This blog post comes from Dr. Chuck Gardner, one of NICERC’s Curriculum Development Specialists.
Bookmark www.nextgov.com for quick current events links.
When I first started teaching cyber at the New Orleans Military and Maritime Academy, I was transferring from algebra and geometry classrooms, and I had a business background. As a result, liberal arts was not high on my list of things to present to students. Soon though, I realized I didn’t need to be a history major or a language professor to have meaningful conversations with students relating to the ethics and more abstract features of cyber science and cybersecurity.
If you want to impart more current events and real-world discussions into your school day, I recommend taking a look at the Nextgov website by the National Journal Group, Inc. In the center of the menu bar at the top of the page is a link where you can read all of their current headlines that deal with cybersecurity.
On February 5th, an article was posted on their website titled, “The Former Federal Employee Who Tried To Launch A Cyberattack On Nuclear Scientists” by Kaveh Waddell from The Atlantic. This article is a fantastic read that exposes students to specific vulnerabilities that are still out there and are plaguing adults! This is a chance for us to speak with them not about things THEY are doing wrong online, but how respected adults in the field of nuclear research (literally, rocket scientists!) are being fooled by pranksters online. In this case, a disgruntled peer invited his fellow scientists to a fake conference. When they clicked on a link to register for the conference, they would then download malicious code that would monitor data and pipeline it to the highest international bidder!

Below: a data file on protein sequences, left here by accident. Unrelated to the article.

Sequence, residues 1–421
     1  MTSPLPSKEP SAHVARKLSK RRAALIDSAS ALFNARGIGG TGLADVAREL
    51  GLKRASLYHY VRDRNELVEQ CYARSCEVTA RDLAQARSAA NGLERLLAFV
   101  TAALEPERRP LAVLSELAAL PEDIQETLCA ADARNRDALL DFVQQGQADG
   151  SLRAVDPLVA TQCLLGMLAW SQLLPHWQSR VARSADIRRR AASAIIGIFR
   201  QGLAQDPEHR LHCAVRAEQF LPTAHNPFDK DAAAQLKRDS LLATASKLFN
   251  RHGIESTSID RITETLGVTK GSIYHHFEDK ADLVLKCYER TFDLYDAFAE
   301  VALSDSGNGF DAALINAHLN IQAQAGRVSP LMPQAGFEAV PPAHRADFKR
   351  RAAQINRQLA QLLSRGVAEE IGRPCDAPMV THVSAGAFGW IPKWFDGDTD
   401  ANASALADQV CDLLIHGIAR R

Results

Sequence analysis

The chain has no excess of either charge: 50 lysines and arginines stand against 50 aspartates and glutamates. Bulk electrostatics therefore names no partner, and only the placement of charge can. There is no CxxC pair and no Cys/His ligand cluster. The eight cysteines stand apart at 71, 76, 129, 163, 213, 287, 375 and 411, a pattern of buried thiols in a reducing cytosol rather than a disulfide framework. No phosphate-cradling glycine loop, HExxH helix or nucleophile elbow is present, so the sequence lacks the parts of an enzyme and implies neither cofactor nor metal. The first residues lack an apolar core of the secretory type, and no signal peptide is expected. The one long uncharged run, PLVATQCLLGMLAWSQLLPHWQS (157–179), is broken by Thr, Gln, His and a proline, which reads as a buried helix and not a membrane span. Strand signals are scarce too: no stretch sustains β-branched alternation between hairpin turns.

Another Nextgov article asks, “How do you govern data in the internet of everything?” by Frank Konkel. In the article, he cites expert assumptions that by 2020, the world will be connected by over “200 billion sensors [that] will produce data on everything from human hearts to heavy construction equipment to ocean seafloors – and all of it will flow through the Internet.” This is information our students need to know about because all of this data will need protection, and they will be the ones to protect it!
In November, I posted a discussion topic to NICERC’s Canvas site with an article about “The Hackable Hospital.” Every week or so, there are dozens more articles available on Nextgov and other sites that discuss the Internet of Things. If you’re looking for discussion starters in your classroom that can easily become full class research projects, please check in regularly at NICERC’s Canvas LMS website discussion boards for the curricula you are teaching and the Nextgov website.
To gain access to our curriculum along with a multitude of other great lessons for middle school and high school classes, click here.